Under the Versailles Settlement, the Rhineland was demilitarized. Germany accepted this arrangement under the Locarno Treaties of 1925. Hitler claimed that it threatened Germany and on 7 March 1936 he sent German forces into the Rhineland. He gambled on Britain not getting involved but was unsure how France would react. The action was opposed by many of his advisers. His officers had orders to withdraw if they met French resistance. France consulted Britain and lodged protests with the League, but took no action. Prime Minister Stanley Baldwin said that Britain lacked the forces to back its guarantees to France and that public opinion would not allow it. In Britain it was thought that the Germans were merely walking into "their own back yard". Hugh Dalton, a Labour Party MP who usually advocated stiff resistance to Germany, said that neither the British people nor Labour would support military or economic sanctions. In the Council of the League, only the Soviet Union proposed sanctions against Germany. Hitler was invited to negotiate. He proposed a non-aggression pact with the Western powers. When asked for details he did not reply. Hitler's occupation of the Rhineland had persuaded him that the international community would not resist him and put Germany in a powerful strategic position.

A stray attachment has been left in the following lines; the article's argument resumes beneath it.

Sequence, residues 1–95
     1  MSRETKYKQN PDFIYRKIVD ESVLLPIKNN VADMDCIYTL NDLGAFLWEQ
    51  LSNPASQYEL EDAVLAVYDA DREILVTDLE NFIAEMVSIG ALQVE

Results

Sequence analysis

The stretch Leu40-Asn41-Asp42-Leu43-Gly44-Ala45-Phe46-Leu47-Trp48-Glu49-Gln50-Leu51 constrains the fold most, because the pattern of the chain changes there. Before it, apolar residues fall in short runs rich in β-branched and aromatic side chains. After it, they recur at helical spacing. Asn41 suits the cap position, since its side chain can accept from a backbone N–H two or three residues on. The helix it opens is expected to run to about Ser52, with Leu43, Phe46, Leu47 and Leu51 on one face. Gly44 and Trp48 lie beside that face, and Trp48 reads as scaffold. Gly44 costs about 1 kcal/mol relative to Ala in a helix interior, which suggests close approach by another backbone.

The Argentinian hope is of course that, just as the founder of its modern country, Adolf Hitler, gambled and won with the Rhineland reoccupation, so they can occupy the Falklands and scare of the effeminate leadership of the UK.
Hopefully if or when the Argentinazis make this suicidal move the surviving British public will crush both their own quisling EUgovernment and then the Argentinians. Perhaps it might be an idea to pencil in a drubbing every thirty years on general principles.